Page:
Gaming the system

Without a calculator, find the correct answer to 58 X 471

a) 27317

b) 27318

c) 918

Answer c) is too small. The correct answer should have a one’s digit of 8, because 8 X 1 = 8, which eliminates answer a). This is only slightly a math problem. Any student who spent time on a test actually doing the multiplication would be wasting his time. A better problem would include d) None of the above, which has the virtue of making the students actually check to see if b) is correct.

Recently my students were working on their homework in groups and I was circulating and helping them.

“I want help with problem 6,” said the first student.

“Are you on problem 6 already?” asked another student.

“She’s here,” the first student responded. That explained it. The odd numbered problems had answers in the back and this student was doing the even numbered ones while he could get help.

I am not just teaching math, I try to teach some common sense. Sometimes I encourage my students to game the system and it shocks them. It can be as simple as recognizing that in a matching problem, all you have to do is match; any additional work is unnecessary.

Of course people rarely need to be taught to figure out the angles. They want to see old tests and they want me to tell them as much as possible about each test. They also come up with creative ways of working the system. One student told me he was going to go to school for a year without working to ensure he received more money when he applied for a scholarship. His ability to do that suggests that he really did not need a scholarship to get an education.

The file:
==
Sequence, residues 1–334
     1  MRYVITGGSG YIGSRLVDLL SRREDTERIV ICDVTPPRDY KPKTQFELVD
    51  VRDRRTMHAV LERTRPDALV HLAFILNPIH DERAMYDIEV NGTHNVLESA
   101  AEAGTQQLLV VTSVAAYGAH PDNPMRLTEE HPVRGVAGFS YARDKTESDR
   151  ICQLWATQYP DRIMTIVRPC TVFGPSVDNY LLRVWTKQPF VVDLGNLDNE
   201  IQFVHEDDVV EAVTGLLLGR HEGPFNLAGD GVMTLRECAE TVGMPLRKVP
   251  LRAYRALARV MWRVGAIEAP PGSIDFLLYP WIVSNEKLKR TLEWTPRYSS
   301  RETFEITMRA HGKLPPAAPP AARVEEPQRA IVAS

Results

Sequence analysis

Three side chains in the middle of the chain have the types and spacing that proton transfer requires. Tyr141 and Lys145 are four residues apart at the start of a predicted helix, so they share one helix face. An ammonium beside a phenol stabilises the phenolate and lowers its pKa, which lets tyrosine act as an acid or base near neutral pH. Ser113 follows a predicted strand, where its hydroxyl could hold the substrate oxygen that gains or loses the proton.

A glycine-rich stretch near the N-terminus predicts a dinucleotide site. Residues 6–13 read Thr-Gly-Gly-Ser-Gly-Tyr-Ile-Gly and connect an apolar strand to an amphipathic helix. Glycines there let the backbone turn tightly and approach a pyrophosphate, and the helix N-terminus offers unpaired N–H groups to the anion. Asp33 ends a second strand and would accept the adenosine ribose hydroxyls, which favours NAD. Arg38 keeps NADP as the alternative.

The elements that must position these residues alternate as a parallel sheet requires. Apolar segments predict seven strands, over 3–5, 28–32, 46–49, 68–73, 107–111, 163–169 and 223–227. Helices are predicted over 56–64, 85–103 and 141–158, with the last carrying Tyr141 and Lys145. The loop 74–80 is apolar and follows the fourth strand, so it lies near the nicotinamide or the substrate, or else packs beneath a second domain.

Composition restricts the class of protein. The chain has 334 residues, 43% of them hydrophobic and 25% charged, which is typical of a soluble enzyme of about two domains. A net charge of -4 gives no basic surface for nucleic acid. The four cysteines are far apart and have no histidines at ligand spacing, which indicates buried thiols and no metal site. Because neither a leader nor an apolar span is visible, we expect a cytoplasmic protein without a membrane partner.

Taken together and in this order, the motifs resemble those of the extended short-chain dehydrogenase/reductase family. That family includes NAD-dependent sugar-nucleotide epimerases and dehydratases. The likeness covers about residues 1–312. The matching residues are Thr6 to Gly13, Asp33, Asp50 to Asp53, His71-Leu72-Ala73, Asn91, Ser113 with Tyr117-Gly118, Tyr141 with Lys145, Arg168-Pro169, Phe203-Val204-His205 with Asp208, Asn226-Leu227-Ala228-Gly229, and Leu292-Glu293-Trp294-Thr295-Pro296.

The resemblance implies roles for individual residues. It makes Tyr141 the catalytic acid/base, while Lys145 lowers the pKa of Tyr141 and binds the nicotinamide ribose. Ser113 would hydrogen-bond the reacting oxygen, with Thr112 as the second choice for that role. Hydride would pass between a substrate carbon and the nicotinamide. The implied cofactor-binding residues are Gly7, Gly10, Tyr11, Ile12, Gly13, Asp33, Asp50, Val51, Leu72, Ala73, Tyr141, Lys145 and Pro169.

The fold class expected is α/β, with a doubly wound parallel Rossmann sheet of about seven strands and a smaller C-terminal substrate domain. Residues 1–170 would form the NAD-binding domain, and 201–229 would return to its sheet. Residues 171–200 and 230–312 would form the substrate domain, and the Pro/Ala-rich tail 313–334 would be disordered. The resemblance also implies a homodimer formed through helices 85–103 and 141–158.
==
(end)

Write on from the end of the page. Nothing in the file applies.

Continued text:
I know someone who was at first not on social security because she was a teacher. She had worked several short-term jobs before she was a teacher and needed only two more years. She took a Saturday job to get the minimum amount of social security.

Many years ago there was a story about a welfare recipient who won $100,000 in a lottery. He spent it within three months so he could return to getting welfare payments. That kind of gaming the system annoys me and most people who hear about it.

But back to mathematics, I must assume that my students understand how testing works. They should learn the strategies that make the test easier, because they will be compared with students who have figured that out. Because of that, I rarely give multiple choice questions because teachers who give them are

a) lazy

b) overworked

c) both of the above

d) none of the above

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One Response to “Gaming the system”

  1. leaderinlearning Says:

    I would choose answer c) but it is a matter of opinion. There is no right or wrong answer. As a teacher, I have used multiple choice tests for english comprehension where there is a sentence with a word missing and the student has a choice of 10 words to choose from. In this instance I prefer to use multiple choice because I am testing the child’s ability to read the words and secondly to understand the words. Multiple choice gets harder if there are more choices and if the answers are similar. This is real test then, when the student has to work out the answer rather than use elimination.

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